Vascular capacitance and fluid shifts in dogs during prolonged hemorrhagic hypotension.
The mean circulatory pressure (Pmc) in dogs anesthetized with chloralose-urethane was estimated from 0.5 to 150 minutes after hemorrhages of 0, 17, or 34 ml/kg, or that volume giving an arterial pressure (Pa) of 40 mm Hg. The Pmc was determined by fibrillating the heart and then rapidly pumping blood from aorta to vena cava until Pa=venous pressure (Pv)=Pmc. Within about 10 seconds, the heart was defibrillated. Vascular compliance was estimated as the ratio of a test blood volume change (0, +/- 8.5, or 17 ml/kg) to the change in Pmc, determined 0.5 minute after the start of the test volume change. Erythrocyte and plasma volumes were measured by 51Cr-erythrocyte and 125I-albumin dilution. In response to prolonged hemorrhage: (1) the total vascular compliance apparently decreased; (2) most of the changes in capacity vessels occurred within 5 minutes, and indeed a large part of the response probably had occurred by the time of the first measurement at 30 seconds; (3) the progressive recovery in Pmc after 5 minutes was primarily from fluid shifting into the vasculature; (4) even after 2 hours of severe hemorrhagic hypotension, the venoconstriction was not lost; but (5) after an hour of severe hemorrhagic hypotension (arterial pressure of 40 mm Hg) there was water loss from the vasculature, because plasma protein and erythrocyte concentrations and plasma oncotic pressure increased.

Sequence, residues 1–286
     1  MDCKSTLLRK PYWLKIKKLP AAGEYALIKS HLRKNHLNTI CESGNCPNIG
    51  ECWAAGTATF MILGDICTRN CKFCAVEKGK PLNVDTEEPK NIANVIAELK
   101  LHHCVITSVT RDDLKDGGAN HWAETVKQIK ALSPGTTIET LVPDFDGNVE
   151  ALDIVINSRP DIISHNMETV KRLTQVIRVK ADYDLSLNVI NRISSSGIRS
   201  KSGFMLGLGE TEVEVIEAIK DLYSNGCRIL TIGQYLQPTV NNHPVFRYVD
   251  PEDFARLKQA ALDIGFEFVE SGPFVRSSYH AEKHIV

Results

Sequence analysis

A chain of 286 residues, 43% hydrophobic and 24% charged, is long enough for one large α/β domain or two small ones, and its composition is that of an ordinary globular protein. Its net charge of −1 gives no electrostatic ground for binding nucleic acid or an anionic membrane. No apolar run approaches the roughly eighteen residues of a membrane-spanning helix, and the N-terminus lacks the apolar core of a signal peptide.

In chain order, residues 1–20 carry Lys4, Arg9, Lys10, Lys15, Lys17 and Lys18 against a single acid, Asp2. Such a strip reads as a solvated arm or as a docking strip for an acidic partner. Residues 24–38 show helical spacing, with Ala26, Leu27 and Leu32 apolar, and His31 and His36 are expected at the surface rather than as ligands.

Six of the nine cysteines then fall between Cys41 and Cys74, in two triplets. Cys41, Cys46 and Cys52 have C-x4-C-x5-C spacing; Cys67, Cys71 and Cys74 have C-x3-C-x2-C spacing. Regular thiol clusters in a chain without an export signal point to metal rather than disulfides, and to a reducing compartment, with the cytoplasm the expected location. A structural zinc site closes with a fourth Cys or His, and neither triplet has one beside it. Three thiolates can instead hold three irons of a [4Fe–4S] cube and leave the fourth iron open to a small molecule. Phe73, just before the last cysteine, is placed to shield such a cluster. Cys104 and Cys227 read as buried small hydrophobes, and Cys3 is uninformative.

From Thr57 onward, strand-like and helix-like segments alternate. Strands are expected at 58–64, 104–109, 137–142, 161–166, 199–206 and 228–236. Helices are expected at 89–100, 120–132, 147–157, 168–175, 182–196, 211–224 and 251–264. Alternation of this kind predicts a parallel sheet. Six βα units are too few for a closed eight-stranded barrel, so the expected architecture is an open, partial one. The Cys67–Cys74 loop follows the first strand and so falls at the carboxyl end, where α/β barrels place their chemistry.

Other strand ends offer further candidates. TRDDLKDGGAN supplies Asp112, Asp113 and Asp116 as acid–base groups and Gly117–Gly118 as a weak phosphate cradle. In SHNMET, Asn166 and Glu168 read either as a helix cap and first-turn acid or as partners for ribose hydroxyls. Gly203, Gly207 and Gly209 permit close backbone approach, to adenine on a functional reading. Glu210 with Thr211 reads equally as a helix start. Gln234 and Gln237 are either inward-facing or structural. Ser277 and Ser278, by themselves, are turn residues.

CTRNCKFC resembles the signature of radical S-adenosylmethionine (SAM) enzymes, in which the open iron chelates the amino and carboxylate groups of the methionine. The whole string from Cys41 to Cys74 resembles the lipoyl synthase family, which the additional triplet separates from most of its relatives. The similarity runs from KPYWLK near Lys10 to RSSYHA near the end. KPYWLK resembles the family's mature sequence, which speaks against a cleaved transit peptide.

- Copyright © 1976 by American Heart Association